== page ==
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Hong Kong Protestant newspaper criticized for cross-removal coverage

Paper has published no original coverage, says Anglican pastor
Hong Kong Protestant newspaper criticized for cross-removal coverage

This April 2014 photo shows a damaged Christian church in Zhejiang province. Chinese authorities began demolishing the Church after a weeks-long standoff between worshippers and the local government. (Photo by Mark Ralston/AFP)

Published: September 09, 2015 09:19 AM GMT
Updated: September 08, 2015 11:40 PM GMT

A Hong Kong-based newspaper published by Protestant churches has come under fire for its coverage of an ongoing cross-removal campaign in mainland China.

The Christian Weekly, which is run by the Hong Kong Chinese Christian Churches Union, has published two statements issued by Protestant organizations and a pastor’s commentary, all in late August. But the newspaper has published no original coverage of the cross removals taking place in Zhejiang province, according to an online appeal addressed to the union.

"It’s really disappointing," the Rev. Fung Chi-wood, an Anglican pastor who initiated the appeal, told ucanews.com in an interview.

"Hong Kong is part of China and there are a lot of religious exchanges between the two sides. It is impossible not to show some concern," he said.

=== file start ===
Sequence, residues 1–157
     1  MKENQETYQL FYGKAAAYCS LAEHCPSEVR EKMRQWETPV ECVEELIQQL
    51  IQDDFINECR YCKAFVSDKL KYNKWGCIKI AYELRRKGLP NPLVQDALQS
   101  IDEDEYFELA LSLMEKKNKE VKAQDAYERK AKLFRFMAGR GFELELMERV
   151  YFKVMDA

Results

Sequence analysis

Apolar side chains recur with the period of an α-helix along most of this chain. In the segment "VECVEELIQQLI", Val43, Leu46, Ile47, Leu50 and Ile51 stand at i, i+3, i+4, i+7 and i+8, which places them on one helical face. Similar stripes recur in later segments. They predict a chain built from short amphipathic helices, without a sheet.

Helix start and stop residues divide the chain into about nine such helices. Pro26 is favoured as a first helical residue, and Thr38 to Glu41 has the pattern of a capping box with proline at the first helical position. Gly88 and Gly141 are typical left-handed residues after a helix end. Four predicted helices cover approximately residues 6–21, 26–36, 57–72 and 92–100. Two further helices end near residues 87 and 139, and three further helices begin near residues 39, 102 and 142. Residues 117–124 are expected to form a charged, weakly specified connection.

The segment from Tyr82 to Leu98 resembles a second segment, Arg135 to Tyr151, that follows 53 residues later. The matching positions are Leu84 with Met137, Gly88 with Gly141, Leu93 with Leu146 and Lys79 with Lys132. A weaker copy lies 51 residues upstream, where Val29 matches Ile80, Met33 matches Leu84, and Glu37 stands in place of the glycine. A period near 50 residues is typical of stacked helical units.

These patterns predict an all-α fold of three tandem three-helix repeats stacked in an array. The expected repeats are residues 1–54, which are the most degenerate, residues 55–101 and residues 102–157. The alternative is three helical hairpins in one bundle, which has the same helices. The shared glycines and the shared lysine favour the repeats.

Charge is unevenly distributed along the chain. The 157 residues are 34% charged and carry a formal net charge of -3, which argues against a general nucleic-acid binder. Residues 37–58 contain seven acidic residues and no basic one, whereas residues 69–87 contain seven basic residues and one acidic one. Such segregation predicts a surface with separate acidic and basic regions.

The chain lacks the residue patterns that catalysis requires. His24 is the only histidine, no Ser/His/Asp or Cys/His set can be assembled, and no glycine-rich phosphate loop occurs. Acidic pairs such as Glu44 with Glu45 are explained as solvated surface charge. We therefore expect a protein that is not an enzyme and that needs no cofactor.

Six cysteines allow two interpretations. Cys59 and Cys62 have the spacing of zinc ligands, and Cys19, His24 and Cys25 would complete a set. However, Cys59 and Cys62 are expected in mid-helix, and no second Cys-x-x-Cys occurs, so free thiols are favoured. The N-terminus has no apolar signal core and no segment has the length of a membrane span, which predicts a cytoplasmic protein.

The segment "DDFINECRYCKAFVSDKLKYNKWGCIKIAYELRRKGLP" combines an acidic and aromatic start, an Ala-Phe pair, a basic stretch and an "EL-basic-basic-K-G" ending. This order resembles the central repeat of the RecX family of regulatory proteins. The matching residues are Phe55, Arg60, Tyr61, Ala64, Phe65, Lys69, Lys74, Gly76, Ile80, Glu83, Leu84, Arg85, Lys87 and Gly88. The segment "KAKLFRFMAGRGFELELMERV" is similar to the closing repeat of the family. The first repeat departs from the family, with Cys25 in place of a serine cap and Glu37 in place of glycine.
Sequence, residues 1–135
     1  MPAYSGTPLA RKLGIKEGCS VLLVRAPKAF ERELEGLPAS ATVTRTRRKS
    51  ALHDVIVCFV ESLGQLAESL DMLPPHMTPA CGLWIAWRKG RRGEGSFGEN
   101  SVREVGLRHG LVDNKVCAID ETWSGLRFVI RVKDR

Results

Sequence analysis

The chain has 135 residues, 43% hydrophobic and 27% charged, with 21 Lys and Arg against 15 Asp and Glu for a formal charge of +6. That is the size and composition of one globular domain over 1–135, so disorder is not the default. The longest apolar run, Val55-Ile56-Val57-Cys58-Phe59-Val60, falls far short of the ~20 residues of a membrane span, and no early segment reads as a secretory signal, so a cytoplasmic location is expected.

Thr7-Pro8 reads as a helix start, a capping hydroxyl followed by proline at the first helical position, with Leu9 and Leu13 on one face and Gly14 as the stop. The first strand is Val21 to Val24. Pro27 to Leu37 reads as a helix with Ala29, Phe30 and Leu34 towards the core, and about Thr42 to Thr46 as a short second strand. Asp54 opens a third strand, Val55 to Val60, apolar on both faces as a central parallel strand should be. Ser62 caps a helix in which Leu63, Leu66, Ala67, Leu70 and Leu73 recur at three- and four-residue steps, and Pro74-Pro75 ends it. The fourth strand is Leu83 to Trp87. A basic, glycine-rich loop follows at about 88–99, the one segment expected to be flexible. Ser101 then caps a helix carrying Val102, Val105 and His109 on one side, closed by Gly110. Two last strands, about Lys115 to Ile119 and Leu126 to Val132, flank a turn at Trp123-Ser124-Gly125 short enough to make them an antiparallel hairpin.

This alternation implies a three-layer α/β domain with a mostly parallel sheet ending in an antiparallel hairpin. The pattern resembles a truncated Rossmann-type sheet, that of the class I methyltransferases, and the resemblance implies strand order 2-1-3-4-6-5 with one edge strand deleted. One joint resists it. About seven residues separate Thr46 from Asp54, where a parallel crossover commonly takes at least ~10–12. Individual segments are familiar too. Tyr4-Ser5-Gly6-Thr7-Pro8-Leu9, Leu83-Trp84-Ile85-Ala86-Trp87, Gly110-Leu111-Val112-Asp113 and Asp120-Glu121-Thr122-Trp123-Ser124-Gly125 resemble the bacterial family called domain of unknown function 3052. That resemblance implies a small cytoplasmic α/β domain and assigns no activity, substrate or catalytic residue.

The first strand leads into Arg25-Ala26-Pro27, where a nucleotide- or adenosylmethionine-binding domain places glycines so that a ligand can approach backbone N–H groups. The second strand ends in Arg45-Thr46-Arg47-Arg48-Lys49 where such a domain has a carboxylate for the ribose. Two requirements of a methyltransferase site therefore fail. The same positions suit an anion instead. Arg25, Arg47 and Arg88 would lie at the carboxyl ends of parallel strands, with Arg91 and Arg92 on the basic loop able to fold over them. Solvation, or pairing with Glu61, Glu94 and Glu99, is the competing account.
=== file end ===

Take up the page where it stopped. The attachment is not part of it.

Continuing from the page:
Since late 2013, authorities in Zhejiang province have removed more than 1,200 crosses from churches — both Catholic and Protestant. Pastors and lawyers have been beaten, detained or arrested as part of the campaign.

"We are not asking [the newspaper] to make an appeal," Rev. Fung said. "But this is one of the most severe persecutions in China. Couldn't it have a simple report on it?"

Rev. Fung estimated that a small minority of Christians in Hong Kong monitor the Zhejiang cross-removal issue closely. He said many Christians in Hong Kong often consider what happens to mainland churches to be a "political issue" — a shortsighted mistake.

"I am worried the cross-removal campaign will spread across China," said Rev. Fung, who has also organized a series of protests outside the government’s Liaison Office in Hong Kong. "I hoped that the appeal and the protests could arouse more concern from local Christians."

His appeal has garnered more than 260 supporters since it was posted online on Sept. 7.

The Hong Kong Chinese Christian Churches Union did not respond to ucanews.com's requests for comments before publication of this story.

The union was formed in 1915 by seven major denominations, including the Anglican Church, the Methodist Church and the Baptist Church. It has 366 member denominations representing more than 300,000 local Christians, accounting for almost one-third of Hong Kong’s Protestant population of 870,000.

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